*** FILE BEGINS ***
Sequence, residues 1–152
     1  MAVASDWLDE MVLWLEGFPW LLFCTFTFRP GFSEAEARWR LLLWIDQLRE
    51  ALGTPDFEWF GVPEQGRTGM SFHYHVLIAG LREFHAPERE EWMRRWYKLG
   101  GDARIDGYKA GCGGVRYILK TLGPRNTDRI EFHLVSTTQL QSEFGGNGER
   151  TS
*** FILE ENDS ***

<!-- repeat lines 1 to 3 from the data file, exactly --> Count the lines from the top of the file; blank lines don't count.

Sequence, residues 1–152
     1  MAVASDWLDE MVLWLEGFPW LLFCTFTFRP GFSEAEARWR LLLWIDQLRE
    51  ALGTPDFEWF GVPEQGRTGM SFHYHVLIAG LREFHAPERE EWMRRWYKLG